Vincent Hindriksen over at Stream Computing has written up a nice summary of Bob Feldman’s panel session entitled Supercomputihng: Where to From Here, which took place at the National HPCC 2011 Conference in Newport. It was a good discussion, so a tip of the hat goes to Hindriksen for his efforts here. His blog has lots of excellent HPC content, so check it out.
In this video, BlueArc CTO Shmuel Shottan presents: Leveraging Hybrid-Core Architecture in Romoving Applications to Storage Bottlenecks – pNFS and Beyond. Recorded at the National HPCC Conference 2011 in Newport.
A unique NAS offload Engine Architecture has been key to leading NFS performance for most of the previous decade. As HPC applications obviously require much larger bandwidth to storage, parallel file systems have gained in popularity. This talk will discuss the applicability of an accelerated NAS Offload Engine to Parallel File Systems. We will describe the way we approached the challenge, the way we solved for bandwidth and the future enhancements we plan for.
In this video, Keven Hofstetter presents Caterpillar Virtual Product Development and HPC.
Caterpillar’s virtual product development objectives will be covered at a high level including simulation examples. A generic long range product development vision, not specific to Caterpillar, will then be presented, followed by a discussion of some hurdles that must be overcome to achieve the vision.
In this video, Intel’s Stephen Wheat presents The Democratization of HPC: What it is and what it means to you!
What we as an HPC community take for granted (HPC platforms, applications, tools, environments, etc) is largely unknown to the average person. While just about everyone has benefited from HPC, we’re far from the true potential of such impact. This is because the tool we refer to as “HPC” has not permeated industry, government, and academia. Democratization of HPC is just that, having facilitated the permeation of the tool. In this talk, we’ll look at what that means and how we might go about accomplishing it. We’ll then look at the potential benefits of the Democratization of HPC, which are profound. The goal of this talk is to motivate the audience to engage in the effort to accomplish the Democratization of HPC, with practical suggestions of how they can immediately engage.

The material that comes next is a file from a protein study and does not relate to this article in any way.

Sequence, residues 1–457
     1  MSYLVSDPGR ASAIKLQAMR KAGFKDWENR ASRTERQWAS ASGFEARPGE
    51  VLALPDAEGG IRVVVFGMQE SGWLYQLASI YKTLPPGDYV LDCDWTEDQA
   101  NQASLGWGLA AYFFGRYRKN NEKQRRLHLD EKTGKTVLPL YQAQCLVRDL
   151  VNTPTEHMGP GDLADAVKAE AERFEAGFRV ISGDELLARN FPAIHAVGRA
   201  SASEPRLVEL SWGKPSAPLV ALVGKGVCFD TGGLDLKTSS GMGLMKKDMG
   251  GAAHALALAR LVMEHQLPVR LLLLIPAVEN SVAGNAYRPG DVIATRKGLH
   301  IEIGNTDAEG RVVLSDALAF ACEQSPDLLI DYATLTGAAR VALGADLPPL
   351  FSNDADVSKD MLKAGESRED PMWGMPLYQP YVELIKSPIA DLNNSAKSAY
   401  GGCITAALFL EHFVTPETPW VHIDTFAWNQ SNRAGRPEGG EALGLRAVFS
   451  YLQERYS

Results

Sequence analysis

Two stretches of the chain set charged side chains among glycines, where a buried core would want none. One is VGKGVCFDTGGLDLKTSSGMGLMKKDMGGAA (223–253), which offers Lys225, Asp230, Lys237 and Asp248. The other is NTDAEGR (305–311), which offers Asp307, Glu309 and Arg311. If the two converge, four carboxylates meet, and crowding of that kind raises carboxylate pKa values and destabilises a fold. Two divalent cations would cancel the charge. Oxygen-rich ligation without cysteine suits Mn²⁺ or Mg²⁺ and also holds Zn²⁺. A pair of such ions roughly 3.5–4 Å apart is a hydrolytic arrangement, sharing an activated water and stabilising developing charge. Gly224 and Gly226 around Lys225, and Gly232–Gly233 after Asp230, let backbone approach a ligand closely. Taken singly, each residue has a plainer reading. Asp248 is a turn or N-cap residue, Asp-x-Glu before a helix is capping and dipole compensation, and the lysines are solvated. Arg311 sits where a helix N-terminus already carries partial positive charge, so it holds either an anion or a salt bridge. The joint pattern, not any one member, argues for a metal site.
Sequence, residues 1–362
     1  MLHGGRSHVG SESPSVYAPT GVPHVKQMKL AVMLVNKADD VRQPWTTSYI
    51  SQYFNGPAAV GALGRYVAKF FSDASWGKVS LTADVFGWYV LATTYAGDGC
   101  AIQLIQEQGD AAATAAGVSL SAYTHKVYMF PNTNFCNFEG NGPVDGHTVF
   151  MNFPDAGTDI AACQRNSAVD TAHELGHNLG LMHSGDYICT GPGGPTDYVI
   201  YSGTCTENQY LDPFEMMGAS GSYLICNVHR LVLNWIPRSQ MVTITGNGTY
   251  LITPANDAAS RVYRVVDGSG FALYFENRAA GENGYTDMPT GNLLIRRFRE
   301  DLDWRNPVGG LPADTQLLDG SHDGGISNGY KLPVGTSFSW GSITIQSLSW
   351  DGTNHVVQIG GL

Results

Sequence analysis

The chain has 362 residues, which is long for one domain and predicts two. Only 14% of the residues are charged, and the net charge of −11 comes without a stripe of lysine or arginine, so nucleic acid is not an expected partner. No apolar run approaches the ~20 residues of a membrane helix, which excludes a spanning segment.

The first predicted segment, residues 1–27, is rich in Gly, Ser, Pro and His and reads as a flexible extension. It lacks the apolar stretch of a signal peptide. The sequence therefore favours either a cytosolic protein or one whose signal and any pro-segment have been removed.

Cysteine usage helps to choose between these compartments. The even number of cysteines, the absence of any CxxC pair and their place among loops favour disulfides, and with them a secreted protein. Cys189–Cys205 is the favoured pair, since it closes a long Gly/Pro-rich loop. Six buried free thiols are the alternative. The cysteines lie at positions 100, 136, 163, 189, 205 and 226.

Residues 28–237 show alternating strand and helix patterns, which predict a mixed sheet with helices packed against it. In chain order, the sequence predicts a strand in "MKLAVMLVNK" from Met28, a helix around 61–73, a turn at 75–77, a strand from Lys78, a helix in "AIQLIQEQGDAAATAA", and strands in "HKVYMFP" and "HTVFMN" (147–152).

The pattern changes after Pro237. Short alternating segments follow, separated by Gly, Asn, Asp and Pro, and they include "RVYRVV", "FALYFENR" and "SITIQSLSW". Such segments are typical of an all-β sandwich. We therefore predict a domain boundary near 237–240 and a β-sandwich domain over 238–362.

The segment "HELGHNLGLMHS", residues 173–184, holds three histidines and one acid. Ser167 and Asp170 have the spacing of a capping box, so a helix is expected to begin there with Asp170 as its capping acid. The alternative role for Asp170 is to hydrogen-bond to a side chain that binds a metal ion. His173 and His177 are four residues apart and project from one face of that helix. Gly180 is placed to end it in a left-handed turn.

Our Video Sunday feature continues with this panel discussion. Mike Bernhardt moderates: Information Security in a Scalable World. Panelists:
Alex Kent (LANL), George Moncrief (USACE) and Virginia Bedford (ARSC).
In this video clip, Addison Snell from Intersect360 Research asks panelists: “Lustre and PNFS — Are You Buying or Selling?” Recorded at the National HPCC 2011 Conference in Newport. Today at LUG’2011, NOAA’s Frank Indiviglio showed this clip to the Lustre User Group to make the point to the community that they need to do a better job communicating the value of the open source file system.
“We had a 4 hour drive back to Princeton and I heard about this 45-second clip for four hours,” said Indiviglio.
In this video, Addison Snell from Intersect360 Research moderates a lively panel discussion with thought leaders from the supercomputing community. Recorded at the National HPCC Conference in Newport on March 31, 2011.
Dr. Eng Lim Goh, SGI
Prof. Donald Lamb, University of Chicago
Dr. Stephen Wheat, Intel
John West, US Army Engineer R&D Center
This is our second video in our Analyst Crossfire series, so we’ve set up a special page dedicated to the program with write-ups from our featured panelists. There you can also register for our mailing list, which will enter you into a drawing for an iPod Touch.
In this video, Moderator Bob Feldman hosts a session entitled: Supercomputing: Where to from Here? Recorded at the National HPCC Conference 2011 in Newport.
Dr. Eng Lim Goh, SGI
Bill Feiereisen, Intel
Shumel Shottan, BlueARC
Steve Lyness, Appro International, Inc.
Marc Hamilton, HP Americas
“The moderator will seek to leverage the panel’s outstanding knowledge and insights to examine some of the most crucial decisions to be made in HPC in the coming years. These include evaluating the effect of the massive Exascale effort on the industry and discussing the consequences of the Exascale focus. In addition, the impact of major initiatives on international competitive positions and the leadership role of the United States will be explored. This open discussion among leaders from key HPC vendors provides a rare and excellent opportunity to gather valuable insights and perspectives on the future of HPC. This panel may also address issues brought out during the conference and will include topics suggested by the moderator, the conference audience and the panelists.”